In summary, sounds like you had a pretty successful day Brisbrew, good work. There is a lot going on on that first AG so don't stress too much about how it went.

This next one will be a ripper. :beerbang:

Cheers, JD
 

TidalPete

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warrenlw63 said:
As I said to Briz earlier it's a good idea to treat the NASA with kid gloves. eg; run it flat out and when the break forms, turn it right down, adjust and when you're happy, put your lid about 2/3rds of the way over. This will also reduce evaporation far more than having the lid completely off. However you said your lid was on and you still lost 5 lts and hour? You were obviously running the burner and a fairly high setting?
Warren,
Thanks for your quick response.
I think that the reason why I am loosing so much to evaporation even with the lid on is because the kettle is 450mm in diameter & the larger surface area allows for greater precipation. I turn the NASA to it's lowest setting as soon as the boil starts.
As for cooling, your suggestions sound good I was all set to get a pond pump when the frozen milk bottle thing popped up on the forum. The cold water temp up here at the moment is 19 deg c. You're lucky to have room in your freezer for an esky as I will probably just smash up ice cream containers of ice & put in with the esky water to pump that way. I suppose you recirculate until the water warms up or you reach your target temp? :unsure: Can't afford not to stick with it Warren. There's no turning back now. :p

Darren,
Thanks for your input. I do jiggle the IC but am wary of spraying the kettle as it still sits on the NASA at the moment & a sudden change in temperature could crack the cast iron. When I make up my brewstand with the kettle clear of the NASA I will be able to do this.

Justin,
Just read your post. Thanks for your comments. I am a bit like you & get everything weighed, milled, (starter well under way) the evening before for an early start on brewday.

:beer:
 

Justin

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I have to do it that way :rolleyes: otherwise I stuff things up LOL. It's rare that I can donate 100% of my time and focus to the brewing process it's usually a bit of a juggle between brewing and other bits and pieces that need doing around the home so it helps if I plan and do the important bits when I'm not distracted.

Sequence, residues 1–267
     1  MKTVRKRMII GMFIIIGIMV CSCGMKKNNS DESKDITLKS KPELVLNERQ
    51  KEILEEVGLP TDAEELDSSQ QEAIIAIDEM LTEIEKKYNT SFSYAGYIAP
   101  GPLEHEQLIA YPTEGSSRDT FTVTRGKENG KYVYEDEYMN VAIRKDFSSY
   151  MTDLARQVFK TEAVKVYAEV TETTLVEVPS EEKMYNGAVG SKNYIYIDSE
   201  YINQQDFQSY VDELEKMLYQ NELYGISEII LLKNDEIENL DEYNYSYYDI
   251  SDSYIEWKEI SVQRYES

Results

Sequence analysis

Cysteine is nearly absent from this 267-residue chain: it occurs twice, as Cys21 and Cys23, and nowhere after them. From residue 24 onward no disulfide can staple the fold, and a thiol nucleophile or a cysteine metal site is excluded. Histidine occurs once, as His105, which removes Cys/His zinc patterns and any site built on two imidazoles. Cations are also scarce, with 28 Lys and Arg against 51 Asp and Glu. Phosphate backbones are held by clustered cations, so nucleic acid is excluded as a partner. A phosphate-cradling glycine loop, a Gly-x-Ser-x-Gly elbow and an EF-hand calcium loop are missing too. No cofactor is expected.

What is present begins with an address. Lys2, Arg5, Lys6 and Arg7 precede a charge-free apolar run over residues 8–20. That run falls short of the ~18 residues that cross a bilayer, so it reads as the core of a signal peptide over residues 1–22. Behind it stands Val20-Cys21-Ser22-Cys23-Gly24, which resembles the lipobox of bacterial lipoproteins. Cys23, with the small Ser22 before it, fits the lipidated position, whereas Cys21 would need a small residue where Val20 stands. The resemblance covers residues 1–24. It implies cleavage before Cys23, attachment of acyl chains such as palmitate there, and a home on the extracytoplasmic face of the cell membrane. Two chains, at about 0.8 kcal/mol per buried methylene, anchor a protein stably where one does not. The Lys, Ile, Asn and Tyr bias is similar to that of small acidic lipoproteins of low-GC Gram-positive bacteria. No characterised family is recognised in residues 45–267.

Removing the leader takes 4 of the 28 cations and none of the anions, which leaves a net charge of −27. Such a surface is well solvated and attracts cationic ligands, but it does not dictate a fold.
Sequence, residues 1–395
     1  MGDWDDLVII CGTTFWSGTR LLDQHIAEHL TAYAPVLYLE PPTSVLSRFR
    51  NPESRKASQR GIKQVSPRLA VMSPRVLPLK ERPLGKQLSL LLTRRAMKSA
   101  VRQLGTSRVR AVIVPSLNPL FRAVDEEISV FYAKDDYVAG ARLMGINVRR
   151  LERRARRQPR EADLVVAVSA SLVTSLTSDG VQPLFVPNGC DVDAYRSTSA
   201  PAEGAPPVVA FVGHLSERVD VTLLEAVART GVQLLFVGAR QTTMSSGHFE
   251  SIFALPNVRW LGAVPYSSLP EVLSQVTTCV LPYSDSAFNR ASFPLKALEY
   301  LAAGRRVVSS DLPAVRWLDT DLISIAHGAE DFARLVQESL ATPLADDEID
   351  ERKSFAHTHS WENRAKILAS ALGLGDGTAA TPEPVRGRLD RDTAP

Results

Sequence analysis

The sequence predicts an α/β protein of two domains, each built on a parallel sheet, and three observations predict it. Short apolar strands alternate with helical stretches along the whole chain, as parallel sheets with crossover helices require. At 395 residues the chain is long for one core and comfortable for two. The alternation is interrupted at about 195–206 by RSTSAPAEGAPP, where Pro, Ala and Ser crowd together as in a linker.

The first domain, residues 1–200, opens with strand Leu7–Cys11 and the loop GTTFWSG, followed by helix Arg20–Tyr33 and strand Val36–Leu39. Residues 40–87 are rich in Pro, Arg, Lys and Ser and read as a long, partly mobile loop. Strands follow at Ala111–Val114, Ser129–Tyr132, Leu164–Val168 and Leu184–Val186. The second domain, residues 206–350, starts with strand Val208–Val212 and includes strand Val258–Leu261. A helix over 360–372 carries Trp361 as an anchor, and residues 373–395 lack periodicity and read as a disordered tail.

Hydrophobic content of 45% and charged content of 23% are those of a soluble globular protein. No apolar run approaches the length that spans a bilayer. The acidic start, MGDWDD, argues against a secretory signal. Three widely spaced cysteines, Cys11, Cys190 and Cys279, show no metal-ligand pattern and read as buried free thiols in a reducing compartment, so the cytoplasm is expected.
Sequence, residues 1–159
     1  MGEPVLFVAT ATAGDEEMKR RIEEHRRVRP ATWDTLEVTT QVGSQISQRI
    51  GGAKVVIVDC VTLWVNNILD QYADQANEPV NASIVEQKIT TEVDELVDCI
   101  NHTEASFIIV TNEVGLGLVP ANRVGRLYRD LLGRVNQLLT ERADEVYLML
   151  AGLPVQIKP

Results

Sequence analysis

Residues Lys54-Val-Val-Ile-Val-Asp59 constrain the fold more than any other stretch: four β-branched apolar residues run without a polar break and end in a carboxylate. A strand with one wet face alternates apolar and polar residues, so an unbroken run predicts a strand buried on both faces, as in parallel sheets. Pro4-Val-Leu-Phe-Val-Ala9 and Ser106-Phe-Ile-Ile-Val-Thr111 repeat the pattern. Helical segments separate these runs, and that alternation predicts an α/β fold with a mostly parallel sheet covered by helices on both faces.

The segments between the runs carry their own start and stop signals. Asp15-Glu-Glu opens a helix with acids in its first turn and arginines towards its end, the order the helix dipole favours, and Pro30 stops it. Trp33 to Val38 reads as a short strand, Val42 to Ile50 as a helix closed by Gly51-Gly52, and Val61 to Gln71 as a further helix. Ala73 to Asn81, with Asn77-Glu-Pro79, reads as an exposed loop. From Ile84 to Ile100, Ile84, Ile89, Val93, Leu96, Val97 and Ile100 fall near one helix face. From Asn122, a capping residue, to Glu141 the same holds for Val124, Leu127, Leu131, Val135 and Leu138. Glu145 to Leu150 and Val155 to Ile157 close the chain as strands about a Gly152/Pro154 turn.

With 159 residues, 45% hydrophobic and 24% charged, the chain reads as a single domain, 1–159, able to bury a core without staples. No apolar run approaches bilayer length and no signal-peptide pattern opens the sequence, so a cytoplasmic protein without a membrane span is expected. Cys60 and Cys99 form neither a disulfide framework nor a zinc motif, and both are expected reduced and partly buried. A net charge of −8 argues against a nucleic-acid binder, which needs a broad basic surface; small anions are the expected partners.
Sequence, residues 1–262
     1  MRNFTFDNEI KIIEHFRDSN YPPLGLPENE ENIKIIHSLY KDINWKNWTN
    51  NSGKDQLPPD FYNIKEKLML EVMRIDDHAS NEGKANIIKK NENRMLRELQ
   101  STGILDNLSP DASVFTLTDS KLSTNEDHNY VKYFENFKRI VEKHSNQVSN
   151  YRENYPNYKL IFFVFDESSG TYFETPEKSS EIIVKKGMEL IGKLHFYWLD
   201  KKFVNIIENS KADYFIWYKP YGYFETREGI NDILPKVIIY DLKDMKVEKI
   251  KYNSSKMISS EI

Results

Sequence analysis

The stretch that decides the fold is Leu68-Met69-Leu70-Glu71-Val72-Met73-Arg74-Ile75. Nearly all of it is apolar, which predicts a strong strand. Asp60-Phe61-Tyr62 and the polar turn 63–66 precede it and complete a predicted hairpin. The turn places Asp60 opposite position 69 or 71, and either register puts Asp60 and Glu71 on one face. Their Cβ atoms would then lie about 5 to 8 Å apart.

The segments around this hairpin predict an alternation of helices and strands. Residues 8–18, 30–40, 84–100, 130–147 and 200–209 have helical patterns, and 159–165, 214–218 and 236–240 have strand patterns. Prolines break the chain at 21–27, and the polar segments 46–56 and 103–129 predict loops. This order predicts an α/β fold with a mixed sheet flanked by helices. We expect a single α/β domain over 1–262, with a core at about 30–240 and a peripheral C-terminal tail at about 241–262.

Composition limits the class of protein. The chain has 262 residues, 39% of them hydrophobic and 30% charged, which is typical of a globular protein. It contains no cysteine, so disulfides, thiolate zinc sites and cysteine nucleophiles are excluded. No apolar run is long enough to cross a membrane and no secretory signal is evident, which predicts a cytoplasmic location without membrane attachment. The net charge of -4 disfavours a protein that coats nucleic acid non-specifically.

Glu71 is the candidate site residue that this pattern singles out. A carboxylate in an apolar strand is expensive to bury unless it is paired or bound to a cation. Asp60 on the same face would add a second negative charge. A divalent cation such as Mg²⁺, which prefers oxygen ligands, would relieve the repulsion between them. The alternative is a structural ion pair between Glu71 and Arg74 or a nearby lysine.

I've had all the things possible happen during a brew day. Ran out of gas mid boil (and midboil was at bloody 8:30 at night, not too many gas places open then :( ), overflowed the mash tun (doesn't take long in a 19L esky if your not watching closely ;)), left hops at home when brewing elsewhere, left the tap open on the fermenter when transferring chilled wort, etc. It's all good fun.

Makes me sound like a nonghead but these things don't happen very often, but I guess the moral is a bit of preparation makes brew day go smoother.

Cheers, JD
 

Jye

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left the tap open on the fermenter when transferring chilled wort
lol....I've done the same thing :lol:

DCP01890a.JPG
 

warrenlw63

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Justin said:
Makes me sound like a nonghead but these things don't happen very often, but I guess the moral is a bit of preparation makes brew day go smoother.

Cheers, JD
[post="73533"][/post]​
Justin, fellow "nonghead" :lol:

Don't you just love it when somebody rings you on your mobile just as the boil is starting to happen? <_<

I've developed a standard answer... Piss off! I'm brewing. :blink:

Warren -
 

Gough

Maintain the Rage!
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Subtle Warren... Does it work?

Shawn. :p
 

Gough

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Might give you a bell next brewday to talk water chemistry :p What time do you start your boil? :ph34r: :lol:

Shawn.